'Jungle law' in Hebron 

HEBRON: "There is no justice. It's a jungle law here. Settlers can kill, shoot, attack, do anything," complains Palestinian coffeeshop owner Hani Abu Haikal to a group of visiting Israelis in war-torn Hebron.

He tells them he was arrested last year after hardline Jewish settlers, who live in the occupied West Bank city, attacked and broke the windows of his hilltop villa while he was entertaining Christian and Israeli friends.

And when his elderly father collapsed in shock, it took three days to negotiate an ambulance to take him to hospital. When he died, settlers danced around the ambulance going to the cemetery, handed out sweets and called death to Arabs.

As Hani talks, some of the visiting Israelis, descendants of Jews who lived in Hebron before deadly riots in 1929 forced them out, drift away distracted.

But 58-year-old Jerusalem lawyer Amnon Birman gets up and comforts him. "I was so shocked. You know my mother was born here.

"My great-grandfather was a grand rabbi," Birman says.

Heavily guarded by soldiers, the nine Israelis walk around downtown Hebron, controlled by Israel, to see the homes where their descendants once lived in harmony with Arabs but which today resembles a war zone.

The once bustling Palestinian market, now occupied by Jewish squatters, is a deserted mesh of barbed wire, camouflage netting, a rooftop Israeli sniper and walls defaced by Hebrew graffiti proclaiming "Death to the Arabs".

The group watches a Palestinian father slither on the sand under waist-high barbed wire in a dank, smelly alley as a short cut from his isolated home to the Palestinian-controlled sector. Pregnant, his wife cannot get through.

Nearby Jewish children set fire to abandoned Palestinian debris, the tassels of their prayer shawls dangling under their shirts.

Settlers routinely attack Palestinian children, prompting international peace observers such as 78-year-old John Lynes from Britain, to walk them to school each day.

"Chiefly it's stone throwing, but they are also deliberately trying to terrify them. Quite often young kids and sometimes grown-ups," says Lynes.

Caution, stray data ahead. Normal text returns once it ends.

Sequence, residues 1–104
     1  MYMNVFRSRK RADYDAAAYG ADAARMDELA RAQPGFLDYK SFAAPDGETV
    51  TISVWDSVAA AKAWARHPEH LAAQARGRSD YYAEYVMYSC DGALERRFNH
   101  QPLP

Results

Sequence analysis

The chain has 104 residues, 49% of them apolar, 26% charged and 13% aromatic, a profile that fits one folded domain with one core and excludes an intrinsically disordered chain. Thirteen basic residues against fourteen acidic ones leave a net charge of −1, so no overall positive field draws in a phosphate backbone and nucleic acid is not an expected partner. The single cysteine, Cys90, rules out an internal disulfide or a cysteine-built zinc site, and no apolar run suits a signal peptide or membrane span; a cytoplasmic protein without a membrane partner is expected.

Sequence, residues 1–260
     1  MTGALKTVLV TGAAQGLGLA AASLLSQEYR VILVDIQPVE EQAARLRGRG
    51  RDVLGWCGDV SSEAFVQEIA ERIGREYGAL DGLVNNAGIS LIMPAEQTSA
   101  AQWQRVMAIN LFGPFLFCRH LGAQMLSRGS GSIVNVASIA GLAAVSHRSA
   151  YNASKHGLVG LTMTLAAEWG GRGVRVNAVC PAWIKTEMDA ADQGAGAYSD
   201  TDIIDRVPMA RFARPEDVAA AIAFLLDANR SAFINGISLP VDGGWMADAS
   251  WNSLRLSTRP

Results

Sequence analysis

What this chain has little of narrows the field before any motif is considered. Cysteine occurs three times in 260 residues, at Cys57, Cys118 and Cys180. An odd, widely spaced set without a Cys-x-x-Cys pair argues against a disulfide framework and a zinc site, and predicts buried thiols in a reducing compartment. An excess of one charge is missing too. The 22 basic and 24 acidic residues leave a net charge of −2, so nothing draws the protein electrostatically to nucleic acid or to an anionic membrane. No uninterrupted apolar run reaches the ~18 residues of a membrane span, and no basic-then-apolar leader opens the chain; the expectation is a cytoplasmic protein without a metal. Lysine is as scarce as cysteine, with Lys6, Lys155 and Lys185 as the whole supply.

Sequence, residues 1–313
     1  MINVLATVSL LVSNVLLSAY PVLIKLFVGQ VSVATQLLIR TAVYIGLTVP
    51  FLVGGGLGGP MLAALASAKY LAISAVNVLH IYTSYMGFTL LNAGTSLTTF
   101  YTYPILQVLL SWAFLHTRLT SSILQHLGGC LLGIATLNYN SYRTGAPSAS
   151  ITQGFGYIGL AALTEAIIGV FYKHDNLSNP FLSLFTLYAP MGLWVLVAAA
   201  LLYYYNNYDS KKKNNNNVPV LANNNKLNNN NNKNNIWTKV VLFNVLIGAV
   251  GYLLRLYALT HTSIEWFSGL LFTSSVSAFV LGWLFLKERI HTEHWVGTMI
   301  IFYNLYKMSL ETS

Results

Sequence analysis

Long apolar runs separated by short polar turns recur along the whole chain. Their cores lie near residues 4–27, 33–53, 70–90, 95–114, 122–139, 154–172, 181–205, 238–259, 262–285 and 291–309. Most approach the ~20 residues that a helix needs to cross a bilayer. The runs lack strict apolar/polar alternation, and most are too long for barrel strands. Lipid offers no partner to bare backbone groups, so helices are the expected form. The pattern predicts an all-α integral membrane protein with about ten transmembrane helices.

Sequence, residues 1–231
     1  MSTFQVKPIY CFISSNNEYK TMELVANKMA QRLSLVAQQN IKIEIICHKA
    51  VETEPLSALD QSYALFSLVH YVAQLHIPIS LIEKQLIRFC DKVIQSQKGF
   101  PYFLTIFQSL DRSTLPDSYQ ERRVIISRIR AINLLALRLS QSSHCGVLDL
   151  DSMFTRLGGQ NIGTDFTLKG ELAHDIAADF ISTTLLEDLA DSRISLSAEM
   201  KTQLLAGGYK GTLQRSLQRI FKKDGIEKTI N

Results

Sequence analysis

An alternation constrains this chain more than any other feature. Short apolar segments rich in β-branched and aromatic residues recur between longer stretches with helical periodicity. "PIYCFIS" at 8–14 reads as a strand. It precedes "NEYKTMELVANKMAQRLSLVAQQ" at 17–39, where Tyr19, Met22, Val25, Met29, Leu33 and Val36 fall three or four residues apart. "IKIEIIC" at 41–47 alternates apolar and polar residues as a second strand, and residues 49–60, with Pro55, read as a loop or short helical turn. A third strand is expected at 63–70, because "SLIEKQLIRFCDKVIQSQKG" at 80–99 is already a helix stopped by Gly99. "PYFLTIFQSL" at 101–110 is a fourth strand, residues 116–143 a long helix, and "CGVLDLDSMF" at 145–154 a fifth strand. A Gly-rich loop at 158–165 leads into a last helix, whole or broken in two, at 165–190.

Born Jewish and now a quaker, cries of "Nazi" from the settlers fall on deaf ears.

Three years after a crazed Jewish settler assassinated 29 Palestinian worshippers at the Tomb of the Patriarchs in 1994, Hebron was split in two.

Most of the 166,000 Palestinians live in H1 under Palestinian control, but at least 10,000 are still trapped in the Israeli-controlled H2, held hostage to curfews, restrictions and intimidation by 500 Jewish squatters.

But things in Hebron weren't always the same. In the early 20th century, a moderate Jewish community once lived in peace with the Arabs.

Abu Haikal's grandfather ran a grocery shop with a Jewish partner and lit the homes of Jewish neighbours on the Sabbath, which under Jewish law is considered work. During the 1929 riots, he personally shielded Jews from death.

"I used to ask my father why did you protect them? He told me we lived with the Jews and looked after each other as humans," says Hani, unable to quite understand how it could have changed in a generation.

Against a backdrop of heightened Arab fear about Zionist intentions for a state in Palestine, 67 Jews were killed and another 60 were wounded in Hebron during riots in 1929 that the British proved unwilling or powerless to stop.

Despite the massacre, the descendants of those who survived are livid that today's hardline settlers seek to legitimise their presence - in defiance of international law - as their ancestors' natural successors.

"I see them as lunatics, thieves and liars. My grandfather believed in friendship with the Arabs," said Birman, whose daughter was seriously wounded in a Palestinian suicide bombing in Jerusalem in 1997.

"I don't know how you can let 400 or 500 people dominate the lives of tens of thousands. It's unbelievable," he said.

Shulamith Rahav is a retired art appreciation teacher from Tel Aviv whose father survived the massacres. Her grandfather, who taught at a Jewish seminary specialising in mysticism and tolerance, uncle and aunt were killed.

"I remember the values instilled in me by my father. The lesson was no more travesties, no more stealing and to remember all men are created in the image of God," she says, as a crowd of hostile settlers, some armed, gather round.


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